Paul A. Baran and Paul M. Sweezy were two of the leading Marxist economists of the twentieth century. Their seminal work, Monopoly Capital: An Essay on the American Economic and Social Order, published in 1966, two years after Baran’s death, was in many respects the culmination of fifteen years of correspondence between the two, from 1949 to 1964. During those years, Baran, a professor of economics at Stanford, and Sweezy, a former professor of economics at Harvard, then co-editing Monthly Review in New York City, were separated by three thousand miles. Their intellectual collaboration required that they write letters to one another frequently and, in the years closer to 1964, almost daily. Their surviving correspondence consists of some one thousand letters.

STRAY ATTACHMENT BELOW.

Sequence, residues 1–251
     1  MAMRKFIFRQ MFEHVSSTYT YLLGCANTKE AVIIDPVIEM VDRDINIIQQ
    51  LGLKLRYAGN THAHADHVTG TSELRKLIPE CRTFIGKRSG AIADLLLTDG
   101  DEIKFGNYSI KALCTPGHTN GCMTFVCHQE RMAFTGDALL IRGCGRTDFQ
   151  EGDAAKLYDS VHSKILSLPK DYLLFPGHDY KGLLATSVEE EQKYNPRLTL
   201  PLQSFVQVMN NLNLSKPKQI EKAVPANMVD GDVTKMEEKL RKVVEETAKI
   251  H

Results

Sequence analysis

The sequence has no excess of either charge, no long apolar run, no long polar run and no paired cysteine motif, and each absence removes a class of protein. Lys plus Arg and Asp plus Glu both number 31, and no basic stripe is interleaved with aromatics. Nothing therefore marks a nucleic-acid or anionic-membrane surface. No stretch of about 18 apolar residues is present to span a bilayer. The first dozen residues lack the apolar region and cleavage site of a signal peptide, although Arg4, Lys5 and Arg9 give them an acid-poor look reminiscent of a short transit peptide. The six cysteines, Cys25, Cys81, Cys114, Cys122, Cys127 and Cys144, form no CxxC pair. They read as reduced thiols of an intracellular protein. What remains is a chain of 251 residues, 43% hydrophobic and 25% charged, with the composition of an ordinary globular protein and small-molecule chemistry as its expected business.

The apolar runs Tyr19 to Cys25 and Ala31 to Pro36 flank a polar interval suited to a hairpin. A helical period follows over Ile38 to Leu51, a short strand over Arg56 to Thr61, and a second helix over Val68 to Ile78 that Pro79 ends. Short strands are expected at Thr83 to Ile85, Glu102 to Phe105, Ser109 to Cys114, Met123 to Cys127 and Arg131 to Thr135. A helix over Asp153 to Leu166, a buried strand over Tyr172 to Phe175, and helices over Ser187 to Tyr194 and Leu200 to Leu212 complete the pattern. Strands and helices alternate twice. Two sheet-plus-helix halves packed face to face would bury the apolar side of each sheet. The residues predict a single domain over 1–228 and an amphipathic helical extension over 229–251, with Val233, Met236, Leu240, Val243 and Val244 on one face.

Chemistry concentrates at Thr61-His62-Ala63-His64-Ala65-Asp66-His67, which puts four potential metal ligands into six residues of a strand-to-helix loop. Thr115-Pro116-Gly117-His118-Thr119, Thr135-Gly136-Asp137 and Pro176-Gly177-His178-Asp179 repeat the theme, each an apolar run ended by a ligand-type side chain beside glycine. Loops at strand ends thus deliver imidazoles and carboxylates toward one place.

The letters selected for this volume illuminate not only the development of the political economy that was to form the basis of Monopoly Capital, but also its historical context—the McCarthy Era, the Cold War, the Cuban Missile Crisis—in which these thinkers were forced to struggle. Not since Marx and Engels carried on their epistolary correspondence has there has been a collection of letters offering such a detailed look at the making of a prescient critique of political economy—and at the historical conditions in which that critique was formed.
The first serious attempt to extend Marx’s model of competitive capitalism to the new conditions of monopoly capitalism.